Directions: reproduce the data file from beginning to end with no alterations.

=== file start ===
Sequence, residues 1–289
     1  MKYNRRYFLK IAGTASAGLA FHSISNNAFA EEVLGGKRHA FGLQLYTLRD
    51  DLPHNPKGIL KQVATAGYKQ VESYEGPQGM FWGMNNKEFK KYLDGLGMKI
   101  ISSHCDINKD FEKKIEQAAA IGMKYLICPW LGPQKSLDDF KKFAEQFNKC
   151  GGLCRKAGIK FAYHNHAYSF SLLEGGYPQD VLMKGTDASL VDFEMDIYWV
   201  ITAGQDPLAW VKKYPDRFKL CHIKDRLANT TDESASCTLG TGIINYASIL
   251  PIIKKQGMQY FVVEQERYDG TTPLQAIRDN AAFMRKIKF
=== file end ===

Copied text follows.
Sequence, residues 1–289
     1  MKYNRRYFLK IAGTASAGLA FHSISNNAFA EEVLGGKRHA FGLQLYTLRD
    51  DLPHNPKGIL KQVATAGYKQ VESYEGPQGM FWGMNNKEFK KYLDGLGMKI
   101  ISSHCDINKD FEKKIEQAAA IGMKYLICPW LGPQKSLDDF KKFAEQFNKC
   151  GGLCRKAGIK FAYHNHAYSF SLLEGGYPQD VLMKGTDASL VDFEMDIYWV
   201  ITAGQDPLAW VKKYPDRFKL CHIKDRLANT TDESASCTLG TGIINYASIL
   251  PIIKKQGMQY FVVEQERYDG TTPLQAIRDN AAFMRKIKF